Vitamin C is a good excuse to splurge on the expensive red and yellow bell peppers in the grocery store. And we should not worry about consuming too much sugar from fruit – soda, sugary cereal, candy, and processed treats are far bigger concerns. There are lots of other good sources of the nutrients I profiled above besides either fruits or vegetables, and a child can be well-nourished without vegetables. I think it would be interesting to compare actual intake amount trends of fruits and vegetables against nutrients and see how that shakes out. I think we send subtle messages to our kids about vegetables all the time, even when we are being super-positive about them. And there has been a definite improvement in my dietary habits now that I have a kid around to set an example for. You decide what makes it on the table, and you can teach your child (depending on age) some things about how you make that decision.
In addition, vegetables in high doses can be toxic, while you don’t hear that so much for fruits. Please don’t look at the graph below and stop your child from eating another apple for fear of too much sugar. Even BabyC loves squeezing the beans out of the pods, and now I know that she’s getting a mother lode of nutrients with every bite.
Maryann Tomovich Jacobsen wrote a great article, How to Meet Children’s Nutritional Needs Even When They Don’t Eat Perfectly, that explains this point and includes an example of how to meet the nutritional needs of a kid that doesn’t eat veggies.
Imagine how much we could improve nutrition and health on a population level if every child sat down to enjoy a balanced meal of whole foods every night, with no emotional attachment to calories or nutrients or fruits vs veggies. And I completely agree that worrying about veggie intake doesn’t do anyone any good, but that positive exposure is the way to go. I guess evolutionarily speaking, it was more valuable to concentrate the nutrients of the plant in the leaves and roots vs. But a handful of raisins also comes packaged with lots of other healthful nutrients – fiber, potassium, iron, magnesium, vitamin B6, even a little protein.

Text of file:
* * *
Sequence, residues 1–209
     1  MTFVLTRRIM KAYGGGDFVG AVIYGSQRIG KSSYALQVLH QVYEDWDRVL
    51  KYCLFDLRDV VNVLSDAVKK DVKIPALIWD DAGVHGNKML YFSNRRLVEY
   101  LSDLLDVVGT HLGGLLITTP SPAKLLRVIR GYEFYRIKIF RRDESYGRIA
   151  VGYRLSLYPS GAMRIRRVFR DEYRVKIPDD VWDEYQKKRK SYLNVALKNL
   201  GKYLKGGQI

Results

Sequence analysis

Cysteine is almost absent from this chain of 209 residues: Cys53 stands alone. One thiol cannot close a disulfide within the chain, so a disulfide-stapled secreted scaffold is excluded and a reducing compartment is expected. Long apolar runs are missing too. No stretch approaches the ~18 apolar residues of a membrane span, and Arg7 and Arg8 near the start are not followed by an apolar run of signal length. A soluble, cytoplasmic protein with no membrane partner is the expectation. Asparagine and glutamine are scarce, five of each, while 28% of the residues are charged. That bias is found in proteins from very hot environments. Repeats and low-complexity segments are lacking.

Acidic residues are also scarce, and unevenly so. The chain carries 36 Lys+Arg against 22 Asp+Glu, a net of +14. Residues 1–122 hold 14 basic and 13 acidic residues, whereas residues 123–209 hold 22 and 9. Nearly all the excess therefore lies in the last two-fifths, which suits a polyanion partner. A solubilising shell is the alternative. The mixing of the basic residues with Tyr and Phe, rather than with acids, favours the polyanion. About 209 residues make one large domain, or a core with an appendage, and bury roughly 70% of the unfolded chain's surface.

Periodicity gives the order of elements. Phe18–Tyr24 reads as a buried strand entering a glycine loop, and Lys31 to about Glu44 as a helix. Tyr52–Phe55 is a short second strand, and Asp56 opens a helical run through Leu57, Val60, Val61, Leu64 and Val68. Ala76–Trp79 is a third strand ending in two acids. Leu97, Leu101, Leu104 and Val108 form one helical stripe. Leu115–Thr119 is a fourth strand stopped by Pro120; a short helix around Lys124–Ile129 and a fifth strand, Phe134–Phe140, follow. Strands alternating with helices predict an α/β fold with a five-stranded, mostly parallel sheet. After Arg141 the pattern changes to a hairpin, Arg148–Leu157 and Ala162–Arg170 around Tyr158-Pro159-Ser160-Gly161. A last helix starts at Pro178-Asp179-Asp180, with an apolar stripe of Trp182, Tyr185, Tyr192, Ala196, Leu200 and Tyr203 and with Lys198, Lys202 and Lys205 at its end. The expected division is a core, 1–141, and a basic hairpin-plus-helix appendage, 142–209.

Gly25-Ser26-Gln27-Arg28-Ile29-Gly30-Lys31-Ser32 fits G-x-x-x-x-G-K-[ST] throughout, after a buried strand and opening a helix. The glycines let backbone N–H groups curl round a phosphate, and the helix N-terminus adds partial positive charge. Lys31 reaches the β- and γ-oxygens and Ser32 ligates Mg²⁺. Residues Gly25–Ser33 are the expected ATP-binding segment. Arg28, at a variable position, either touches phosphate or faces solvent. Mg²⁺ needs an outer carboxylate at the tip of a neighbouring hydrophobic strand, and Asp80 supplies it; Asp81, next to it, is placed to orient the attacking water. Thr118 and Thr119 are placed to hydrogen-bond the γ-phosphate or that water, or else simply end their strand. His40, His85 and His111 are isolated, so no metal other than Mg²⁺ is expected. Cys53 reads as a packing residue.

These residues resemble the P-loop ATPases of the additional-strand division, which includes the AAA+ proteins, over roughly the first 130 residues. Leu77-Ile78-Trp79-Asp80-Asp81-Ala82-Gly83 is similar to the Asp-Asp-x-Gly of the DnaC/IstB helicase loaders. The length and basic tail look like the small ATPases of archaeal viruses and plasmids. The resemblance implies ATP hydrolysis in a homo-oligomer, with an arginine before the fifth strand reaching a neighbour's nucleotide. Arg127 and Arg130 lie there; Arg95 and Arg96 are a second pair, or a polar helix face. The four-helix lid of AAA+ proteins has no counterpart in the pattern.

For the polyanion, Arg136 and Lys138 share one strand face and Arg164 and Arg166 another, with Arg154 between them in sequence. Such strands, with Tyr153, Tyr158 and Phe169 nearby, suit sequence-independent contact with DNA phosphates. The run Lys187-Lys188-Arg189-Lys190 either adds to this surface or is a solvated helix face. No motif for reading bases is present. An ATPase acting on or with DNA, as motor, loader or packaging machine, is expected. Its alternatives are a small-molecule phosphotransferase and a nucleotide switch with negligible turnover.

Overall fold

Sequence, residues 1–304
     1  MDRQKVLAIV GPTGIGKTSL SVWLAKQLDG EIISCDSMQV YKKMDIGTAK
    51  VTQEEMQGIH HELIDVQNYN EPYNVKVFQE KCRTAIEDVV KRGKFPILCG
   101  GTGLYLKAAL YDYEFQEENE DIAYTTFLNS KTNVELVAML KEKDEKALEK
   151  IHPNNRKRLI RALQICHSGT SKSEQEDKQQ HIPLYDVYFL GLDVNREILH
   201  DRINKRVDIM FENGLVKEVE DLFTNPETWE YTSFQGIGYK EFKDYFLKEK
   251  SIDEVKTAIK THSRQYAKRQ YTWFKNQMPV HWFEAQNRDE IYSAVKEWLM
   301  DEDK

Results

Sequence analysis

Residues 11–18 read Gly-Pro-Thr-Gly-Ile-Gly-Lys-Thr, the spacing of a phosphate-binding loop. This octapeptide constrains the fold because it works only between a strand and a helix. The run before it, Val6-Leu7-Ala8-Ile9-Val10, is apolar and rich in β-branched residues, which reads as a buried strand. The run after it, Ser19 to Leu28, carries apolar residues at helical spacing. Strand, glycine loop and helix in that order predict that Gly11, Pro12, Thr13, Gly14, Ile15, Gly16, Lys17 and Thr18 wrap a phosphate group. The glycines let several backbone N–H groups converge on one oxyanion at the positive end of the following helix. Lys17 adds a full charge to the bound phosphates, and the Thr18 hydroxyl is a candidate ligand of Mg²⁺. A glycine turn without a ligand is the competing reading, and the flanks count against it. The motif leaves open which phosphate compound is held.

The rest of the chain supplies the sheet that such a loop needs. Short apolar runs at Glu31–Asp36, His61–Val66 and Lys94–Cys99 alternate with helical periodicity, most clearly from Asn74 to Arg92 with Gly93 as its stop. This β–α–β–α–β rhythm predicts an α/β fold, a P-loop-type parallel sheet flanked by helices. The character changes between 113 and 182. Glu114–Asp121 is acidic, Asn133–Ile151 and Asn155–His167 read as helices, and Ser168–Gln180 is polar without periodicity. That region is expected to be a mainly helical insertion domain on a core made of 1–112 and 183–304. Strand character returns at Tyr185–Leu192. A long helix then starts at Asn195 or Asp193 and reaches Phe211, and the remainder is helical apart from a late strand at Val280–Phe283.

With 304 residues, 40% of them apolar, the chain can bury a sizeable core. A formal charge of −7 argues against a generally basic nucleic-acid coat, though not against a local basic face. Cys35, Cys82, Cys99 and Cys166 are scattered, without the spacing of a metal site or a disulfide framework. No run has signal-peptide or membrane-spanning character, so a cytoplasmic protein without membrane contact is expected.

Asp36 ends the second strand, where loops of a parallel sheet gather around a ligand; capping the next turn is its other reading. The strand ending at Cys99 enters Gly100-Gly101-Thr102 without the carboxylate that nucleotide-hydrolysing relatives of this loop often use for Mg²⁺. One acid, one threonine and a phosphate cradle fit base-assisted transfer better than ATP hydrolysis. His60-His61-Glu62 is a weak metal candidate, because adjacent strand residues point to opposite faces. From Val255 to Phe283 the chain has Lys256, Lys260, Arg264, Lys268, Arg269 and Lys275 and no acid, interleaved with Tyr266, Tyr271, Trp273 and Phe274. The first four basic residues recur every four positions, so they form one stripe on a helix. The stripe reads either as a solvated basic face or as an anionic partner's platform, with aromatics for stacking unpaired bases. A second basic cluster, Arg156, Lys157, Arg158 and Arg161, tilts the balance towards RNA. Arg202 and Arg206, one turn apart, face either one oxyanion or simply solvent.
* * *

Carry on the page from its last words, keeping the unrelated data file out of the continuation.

But I consume a lot of fruits daily and my metabolism is thru the roof as well as my energy.. Fruits and veggies contain ?-carotene and other carotenoid compounds that our bodies can convert to vitamin A.
You are much better off rejoicing that your child loves fruit than forcing him to eat a single bite of broccoli. In reading your comment, I wonder if it would be more accurate to say that while veggies are a great source of many essential nutrients, it is possible to meet those nutrient needs with other foods, including fruits, legumes, meat, fortified cereals, dairy, eggs, etc. There are some days when I’d rather fix myself a quick PB and J for lunch, maybe with an apple, but now I try to throw in some veggies too. Then, leave lots of room for desserts (child-size portions) and some treats where you really let your kid eat as much as she wants (for example, cookies and milk for snack). Most of the foods we think are vegetables are actually fruits anyway; such as avocados, squash, cucumbers, olives, okra, peas, corn kernels, pumpkin, bell pepper and any other internally seed bearing plant. That’s the main thing to keep in mind about natural sugars (found in fruits, veggies, milk) and added sugars. We use the unit retinoic acid equivalent (RAE) to describe how much potential vitamin A fruits and vegetables contain.
And I know you speak from experience with all the ways that battles over veggies can go wrong. You are never going to meet your iron needs by eating fruit, but there are plenty of other ways to get iron.
I don’t think you are missing much by eating more veggies than fruits and especially by selecting fruit that is at its best. And it makes me growl that juice is advertised as being as-healthy-as-fruit — families seem to always be shocked when I tell them their obese children should not be drinking juice. And when you’re feeding kids, sugar is an important part of making wholesome foods more palatable.
So telling parents that fruits are basically as good as vegetables helps them relax at the dinner table, which is a good thing.
Even if your child hasn’t eaten a vegetable in months, it is worth it to put them on the table and set a good example by enjoying them yourself. I’m glad to have found you and your site and am looking forward to your book with Jill!